In the past when creating a connection between two separate wires you would create a virtual connection symbolized by a "hanging junction". The only way one could properly ascertain that the wire is connected to another wire is through the net-name. This can be cumbersome, and from a visual perspective can be difficult to view.
Considering that schematics must often be viewed by others (colleagues, management etc...) a design diagram that is difficult to read can cause confusion.
Poor wiring can cause mistakes. Often engineers will inadvertently make a connection between wires and components that make their designs function erroneously. As such the legacy method of virtual connections can be prone to mistakes.
Figure 3 - Legacy Connections
With the new on-page and global connectors these issues can be overcome. Engineers can now very clearly identify a connection between nets as seen in previous examples in this tutorial. Design decisions can be very clearly communicated through all of these various tools whether to fellow engineers or management.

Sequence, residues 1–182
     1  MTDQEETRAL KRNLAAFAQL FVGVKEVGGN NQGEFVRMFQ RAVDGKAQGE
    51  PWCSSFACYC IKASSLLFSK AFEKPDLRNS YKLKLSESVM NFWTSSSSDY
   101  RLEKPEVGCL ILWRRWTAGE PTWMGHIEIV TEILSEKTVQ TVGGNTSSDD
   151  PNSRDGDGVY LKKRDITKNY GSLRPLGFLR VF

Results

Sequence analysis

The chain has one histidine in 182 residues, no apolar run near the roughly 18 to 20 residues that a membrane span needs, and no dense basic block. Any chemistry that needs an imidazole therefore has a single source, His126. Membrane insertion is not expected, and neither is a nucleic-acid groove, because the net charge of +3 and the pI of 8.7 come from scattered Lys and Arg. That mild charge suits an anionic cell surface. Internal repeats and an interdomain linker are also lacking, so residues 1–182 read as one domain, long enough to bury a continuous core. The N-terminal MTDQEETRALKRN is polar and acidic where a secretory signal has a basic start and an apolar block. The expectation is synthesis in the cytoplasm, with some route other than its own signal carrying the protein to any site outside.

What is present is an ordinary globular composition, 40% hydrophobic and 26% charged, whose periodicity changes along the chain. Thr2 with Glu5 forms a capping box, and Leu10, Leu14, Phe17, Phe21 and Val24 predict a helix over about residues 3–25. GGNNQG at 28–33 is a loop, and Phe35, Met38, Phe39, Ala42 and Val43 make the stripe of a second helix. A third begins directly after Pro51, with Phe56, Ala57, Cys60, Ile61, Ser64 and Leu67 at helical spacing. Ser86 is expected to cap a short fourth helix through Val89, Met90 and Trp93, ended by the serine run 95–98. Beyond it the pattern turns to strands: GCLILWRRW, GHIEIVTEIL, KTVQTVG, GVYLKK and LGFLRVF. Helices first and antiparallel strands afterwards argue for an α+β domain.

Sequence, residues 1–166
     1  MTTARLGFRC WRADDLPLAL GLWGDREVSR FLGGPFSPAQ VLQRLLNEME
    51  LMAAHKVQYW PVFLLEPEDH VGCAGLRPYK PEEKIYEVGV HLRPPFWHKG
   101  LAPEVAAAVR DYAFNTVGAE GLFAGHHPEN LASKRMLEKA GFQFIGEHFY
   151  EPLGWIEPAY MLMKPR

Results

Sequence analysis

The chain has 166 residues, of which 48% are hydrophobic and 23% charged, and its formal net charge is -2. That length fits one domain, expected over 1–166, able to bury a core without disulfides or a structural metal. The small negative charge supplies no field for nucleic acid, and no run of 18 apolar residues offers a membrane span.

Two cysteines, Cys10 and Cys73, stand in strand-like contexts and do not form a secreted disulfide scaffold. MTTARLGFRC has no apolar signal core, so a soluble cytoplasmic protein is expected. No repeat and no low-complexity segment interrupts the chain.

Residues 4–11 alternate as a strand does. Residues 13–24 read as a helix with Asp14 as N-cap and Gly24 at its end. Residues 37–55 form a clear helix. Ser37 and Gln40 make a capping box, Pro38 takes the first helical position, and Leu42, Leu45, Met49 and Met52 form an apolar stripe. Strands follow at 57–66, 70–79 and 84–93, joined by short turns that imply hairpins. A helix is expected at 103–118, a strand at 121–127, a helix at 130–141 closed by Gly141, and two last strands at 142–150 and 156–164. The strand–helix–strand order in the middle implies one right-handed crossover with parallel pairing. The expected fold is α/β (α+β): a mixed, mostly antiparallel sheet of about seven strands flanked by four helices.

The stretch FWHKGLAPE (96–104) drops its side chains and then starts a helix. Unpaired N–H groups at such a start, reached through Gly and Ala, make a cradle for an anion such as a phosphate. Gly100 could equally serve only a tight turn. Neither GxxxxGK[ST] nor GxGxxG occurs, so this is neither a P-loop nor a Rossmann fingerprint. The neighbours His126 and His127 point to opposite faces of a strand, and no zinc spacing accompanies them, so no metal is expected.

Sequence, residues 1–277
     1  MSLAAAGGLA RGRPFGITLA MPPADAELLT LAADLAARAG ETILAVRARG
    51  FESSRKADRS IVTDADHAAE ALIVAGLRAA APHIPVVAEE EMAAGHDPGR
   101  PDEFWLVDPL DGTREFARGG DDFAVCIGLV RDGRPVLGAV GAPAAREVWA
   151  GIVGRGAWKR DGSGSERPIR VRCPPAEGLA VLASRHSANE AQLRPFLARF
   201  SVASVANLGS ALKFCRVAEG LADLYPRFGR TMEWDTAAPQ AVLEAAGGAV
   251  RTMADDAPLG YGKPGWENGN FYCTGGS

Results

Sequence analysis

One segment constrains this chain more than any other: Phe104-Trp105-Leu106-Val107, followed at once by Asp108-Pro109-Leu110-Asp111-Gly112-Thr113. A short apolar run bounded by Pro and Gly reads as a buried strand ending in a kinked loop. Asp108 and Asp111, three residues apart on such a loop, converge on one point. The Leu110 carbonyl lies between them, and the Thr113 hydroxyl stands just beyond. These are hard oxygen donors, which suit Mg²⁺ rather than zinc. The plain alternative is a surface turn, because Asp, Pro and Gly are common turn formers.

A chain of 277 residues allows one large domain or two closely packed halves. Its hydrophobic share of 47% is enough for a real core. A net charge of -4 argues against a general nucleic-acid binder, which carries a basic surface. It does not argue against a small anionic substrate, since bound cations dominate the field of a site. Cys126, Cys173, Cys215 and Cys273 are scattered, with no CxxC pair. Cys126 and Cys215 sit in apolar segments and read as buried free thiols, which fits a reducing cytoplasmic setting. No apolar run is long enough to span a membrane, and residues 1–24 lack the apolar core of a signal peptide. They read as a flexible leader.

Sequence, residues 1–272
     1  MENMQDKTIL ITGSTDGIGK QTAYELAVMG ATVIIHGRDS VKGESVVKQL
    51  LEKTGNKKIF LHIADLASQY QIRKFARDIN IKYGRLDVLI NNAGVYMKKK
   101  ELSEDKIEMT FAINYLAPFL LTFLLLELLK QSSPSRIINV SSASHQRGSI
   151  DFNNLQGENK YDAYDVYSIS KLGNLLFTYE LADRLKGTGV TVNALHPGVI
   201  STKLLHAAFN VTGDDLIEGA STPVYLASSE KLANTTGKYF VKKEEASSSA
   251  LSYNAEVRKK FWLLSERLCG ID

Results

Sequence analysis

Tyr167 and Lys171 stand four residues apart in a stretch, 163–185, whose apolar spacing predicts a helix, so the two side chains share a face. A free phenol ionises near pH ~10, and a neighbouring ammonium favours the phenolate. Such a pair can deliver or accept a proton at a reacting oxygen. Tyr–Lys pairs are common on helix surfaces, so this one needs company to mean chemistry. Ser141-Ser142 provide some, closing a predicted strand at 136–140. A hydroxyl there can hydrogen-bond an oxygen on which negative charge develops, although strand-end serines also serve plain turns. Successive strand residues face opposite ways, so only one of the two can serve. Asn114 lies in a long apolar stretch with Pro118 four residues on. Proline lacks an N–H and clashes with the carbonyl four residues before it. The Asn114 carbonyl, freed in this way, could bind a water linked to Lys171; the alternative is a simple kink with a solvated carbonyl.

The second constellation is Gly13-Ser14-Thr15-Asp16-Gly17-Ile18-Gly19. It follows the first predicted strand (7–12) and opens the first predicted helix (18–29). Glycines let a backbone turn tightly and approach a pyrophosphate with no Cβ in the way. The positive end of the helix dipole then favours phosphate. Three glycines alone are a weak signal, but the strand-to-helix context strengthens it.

An important by-product of all of these changes is that design errors caused by potential wiring mistakes are minimized. Poor wiring and improper connections are removed from the design flow, and a best practices approach is achieved.
The following tutorial will provide you a quick introduction to using the connectors in Multisim.
Figure 4 - Example File for Tutorial
Figure 5 - On-Page Connection Dialog Box
Figure 6 - DC Power Supply
Figure 7 - Making the V_POS Connection
Figure 8 - Competed Connection
Figure 9 - Global Connectors
Figure 10 - Unconnected Power Supply
Figure 11 - Making a Global Connection
For those of you that would like to read a detailed example on transitioning to the new schematic capture system, I highly recommend you read the following knowledge base article: Opening Old Designs in Multisim 11 (or Higher) New Objects are Added